AFR coralled by CCP agent of influence

Via the AFR today:

A Chinese government adviser has urged the Morrison government to try and repair ties with Beijing by expressing interest in President Xi Jinping’s new five-year economic plan and offering to send ministers to Beijing as a sign of goodwill.

Mei Xinyu, a research fellow at the Ministry of Commerce’s Chinese Academy of International Trade and Economic Cooperation, warned Beijing would take further “countermeasures” against Australia if it continued to take a “hostile” approach towards China.

“It is high time for current Australia officials to change their views on China and Australia should take the initiative to repair the bilateral relationship,” he told The Australian Financial Review. “Lots of things can be done.”

Mr Mei approached The Australian Financial Review for an interview, suggesting his comments have been sanctioned by the powerful Commerce Ministry which is the government agency behind the ban.

You lost us at “Mr Mei approached The Australian Financial Review”.

We know what Beijing wants. To restore the underhanded backroom deals of yesteryear that will slowly but surely capture Australian elites and politicians, increase Chinese settlement, and eventually overtake the Australian democracy such that ANZUS becomes meaningless and the CCP supplants the US as the regional hegemon.

That way the CCP takes over everything without firing a shot in anger. Which is why it must be resisted at all costs.

The always excellent Adrian Blundell-Wignall has an answer to how this can be resisted while finding safety in numbers:

This brings me back to Trump’s mistake of mixing economics and ideology. President Obama was a part of the negotiations for TPP. It was to be the most comprehensive approach to dealing with trade issues in general, and with the China issues in particular. Trumpism had the perfect tool in its hands – but Obama negotiated it.

TPP dealt with all the usual trade issues but includes four critical chapters: state-owned enterprises and designated monopolies, intellectual property, labour and the environment. The SOE chapter is excellent. An SOE includes companies where direct or indirect ownership lets governments muster 50 per cent of the voting rights, or where you get to appoint half the board anyway (this would cover most listed companies in China where Communist Party participation on boards is required).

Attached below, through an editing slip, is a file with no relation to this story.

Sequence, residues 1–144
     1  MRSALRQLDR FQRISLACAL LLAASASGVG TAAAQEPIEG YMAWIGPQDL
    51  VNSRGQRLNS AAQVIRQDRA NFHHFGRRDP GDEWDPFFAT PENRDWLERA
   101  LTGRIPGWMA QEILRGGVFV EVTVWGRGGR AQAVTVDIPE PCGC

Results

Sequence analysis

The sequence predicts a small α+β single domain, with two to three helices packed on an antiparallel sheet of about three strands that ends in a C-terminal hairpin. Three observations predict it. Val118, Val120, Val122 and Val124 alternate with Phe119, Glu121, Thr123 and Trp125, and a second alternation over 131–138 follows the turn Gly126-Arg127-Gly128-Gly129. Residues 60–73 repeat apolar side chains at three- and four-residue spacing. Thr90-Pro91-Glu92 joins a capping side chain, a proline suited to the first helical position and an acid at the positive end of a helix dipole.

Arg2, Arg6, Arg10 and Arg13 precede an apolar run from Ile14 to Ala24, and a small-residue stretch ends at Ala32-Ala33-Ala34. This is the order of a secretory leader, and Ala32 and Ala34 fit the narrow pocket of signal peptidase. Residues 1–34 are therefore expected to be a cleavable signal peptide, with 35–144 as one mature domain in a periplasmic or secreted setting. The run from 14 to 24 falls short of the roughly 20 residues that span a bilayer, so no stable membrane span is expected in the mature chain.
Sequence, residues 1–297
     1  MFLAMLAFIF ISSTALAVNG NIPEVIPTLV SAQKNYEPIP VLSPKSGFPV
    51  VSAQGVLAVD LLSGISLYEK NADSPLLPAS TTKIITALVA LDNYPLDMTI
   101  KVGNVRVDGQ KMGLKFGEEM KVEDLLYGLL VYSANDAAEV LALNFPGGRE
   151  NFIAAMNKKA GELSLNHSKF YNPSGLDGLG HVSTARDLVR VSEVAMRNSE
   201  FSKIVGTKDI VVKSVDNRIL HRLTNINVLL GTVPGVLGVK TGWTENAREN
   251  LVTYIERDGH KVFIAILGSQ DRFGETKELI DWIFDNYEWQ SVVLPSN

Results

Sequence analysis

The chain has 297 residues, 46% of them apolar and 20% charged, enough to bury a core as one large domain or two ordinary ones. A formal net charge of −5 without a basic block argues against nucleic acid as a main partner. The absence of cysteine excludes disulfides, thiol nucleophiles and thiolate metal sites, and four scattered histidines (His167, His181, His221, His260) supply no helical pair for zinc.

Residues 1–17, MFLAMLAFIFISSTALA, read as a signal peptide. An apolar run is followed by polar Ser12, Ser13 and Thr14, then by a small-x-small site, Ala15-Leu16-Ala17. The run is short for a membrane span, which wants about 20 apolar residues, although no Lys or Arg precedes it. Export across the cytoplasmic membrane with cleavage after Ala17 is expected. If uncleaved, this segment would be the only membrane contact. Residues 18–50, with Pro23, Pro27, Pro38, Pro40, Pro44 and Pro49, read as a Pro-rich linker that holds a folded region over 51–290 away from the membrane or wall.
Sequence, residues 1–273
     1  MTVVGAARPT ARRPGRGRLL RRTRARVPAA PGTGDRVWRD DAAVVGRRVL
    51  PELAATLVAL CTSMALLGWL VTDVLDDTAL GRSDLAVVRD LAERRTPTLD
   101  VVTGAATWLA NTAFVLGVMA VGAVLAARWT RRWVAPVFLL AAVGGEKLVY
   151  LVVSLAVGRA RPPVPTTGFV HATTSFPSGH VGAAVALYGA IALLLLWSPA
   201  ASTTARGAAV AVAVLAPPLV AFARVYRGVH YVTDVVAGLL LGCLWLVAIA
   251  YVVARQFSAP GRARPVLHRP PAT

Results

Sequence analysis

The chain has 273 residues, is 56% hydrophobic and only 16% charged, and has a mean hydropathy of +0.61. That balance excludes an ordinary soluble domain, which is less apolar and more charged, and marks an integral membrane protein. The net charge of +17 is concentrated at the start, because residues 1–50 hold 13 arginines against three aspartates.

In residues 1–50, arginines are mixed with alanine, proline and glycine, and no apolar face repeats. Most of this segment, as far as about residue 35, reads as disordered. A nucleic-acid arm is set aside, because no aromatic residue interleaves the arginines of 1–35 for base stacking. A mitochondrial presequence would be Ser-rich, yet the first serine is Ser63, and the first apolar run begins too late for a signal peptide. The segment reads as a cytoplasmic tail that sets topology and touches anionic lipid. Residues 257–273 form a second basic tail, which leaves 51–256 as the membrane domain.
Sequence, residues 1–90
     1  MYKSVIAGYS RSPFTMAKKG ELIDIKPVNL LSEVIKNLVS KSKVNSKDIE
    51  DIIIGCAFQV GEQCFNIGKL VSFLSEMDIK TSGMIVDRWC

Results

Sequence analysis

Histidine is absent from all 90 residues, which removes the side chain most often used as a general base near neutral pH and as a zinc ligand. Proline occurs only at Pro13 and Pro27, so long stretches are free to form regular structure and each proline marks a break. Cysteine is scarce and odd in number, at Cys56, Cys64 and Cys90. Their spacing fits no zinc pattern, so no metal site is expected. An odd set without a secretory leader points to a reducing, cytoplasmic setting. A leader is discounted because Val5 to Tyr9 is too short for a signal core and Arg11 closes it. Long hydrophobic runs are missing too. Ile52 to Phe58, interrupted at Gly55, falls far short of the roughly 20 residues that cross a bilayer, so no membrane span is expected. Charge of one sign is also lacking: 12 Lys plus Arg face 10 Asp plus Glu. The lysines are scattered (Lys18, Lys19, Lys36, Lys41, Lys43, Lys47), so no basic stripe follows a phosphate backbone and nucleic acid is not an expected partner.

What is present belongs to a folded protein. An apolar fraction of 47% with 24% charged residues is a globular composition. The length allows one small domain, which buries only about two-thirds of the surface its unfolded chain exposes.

TPP adherents agree not to provide non-commercial assistance to SOEs that unfairly enhances their competitiveness vis a vis other companies in other markets. It sets out “no less favourable treatment” for buying and selling goods and services across borders. In essence, that means an SOE must treat all parties at least as well as the treatment it avails to its own associated parties (including foreign subsidiaries operating inside its own borders).

The intellectual property chapter affirms commitment to Trade-Related Aspects of Intellectual Property Rights (TRIPS) and the labour rights chapter is admirable. There are some things the Biden administration should look at improving if it were to join TPP. The environment chapter language is vague and fairly non-binding. Government procurement processes need to be included in TPP. Remedies will require stronger monitoring.

Our major issue with the TPP was its opacity. It did not release key details to the public in terms of how sovereignty would be altered around IP, foreign labour and other areas and so repeated the very mistakes of working-class hollowing out and disenfranchisement that gave birth to Donald Trump in the first place. If these considerations can be addressed then, sure, let’s revisit it.

Most encouraging today is the often revolting AFR editorial which, contrary to its own reporters, gives kowtowing short-shrift:

China’s great power ambitions and geostrategic assertiveness mean there is no way to wish our way back to the benign, mutually beneficial two-way trade relationship of the early 21st-century China boom, which allowed Australia to grow richer by helping China grow rich too.

Australia must protect its democracy, even if the world-first ban on a role for Huawei in Australia’s 5G network build, or Malcolm Turnbull’s foreign interference laws, or the Morrison government’s foreign relations bill – which will impose a security veto on compromising agreements between foreign powers, on the one hand, and state or local governments and universities on the other – displeases Beijing.

Australia has no option but to hold the line on protecting its sovereignty, and hope that showing China that coercion will not work establishes a platform for restoring the relationship.

Exactly. There is no way back so stop publishing Chinese propaganda.

David Llewellyn-Smith
Latest posts by David Llewellyn-Smith (see all)


    • “Freedom is the freedom to say that two plus two make four. If that is granted, all else follows.”

      2 + 2 = racism
      2 + 2 = we take cricket bat and go home
      2 + 2 = we teach you lesson

      But this isn’t a ‘China’ problem, it’s a consequence of political opportunism and a 30 year legacy of lazy politics. Yep, ‘bet the farm on China’ was the most stupid political call since Governor Bligh thought that hiding under the bed was a safe-space protecting him from the Rum Corps.

      Not having the freedom to call out the compromises and corruption that have flown out of the Pandora’s Box of Globalisation and Neoliberalism is central to the collapse of democracy. Active censorship and self censorship has allowed cultural decay due to the ‘look over here’ circus that employs clowns. Last night we learnt that the ABC believes that the ‘kiss and tell’ antics of pond life in Canberra and gossip is the main rot in our lives. Not a great look I agree, but has everyone been asleep for 30 years while the entire country has been rogered?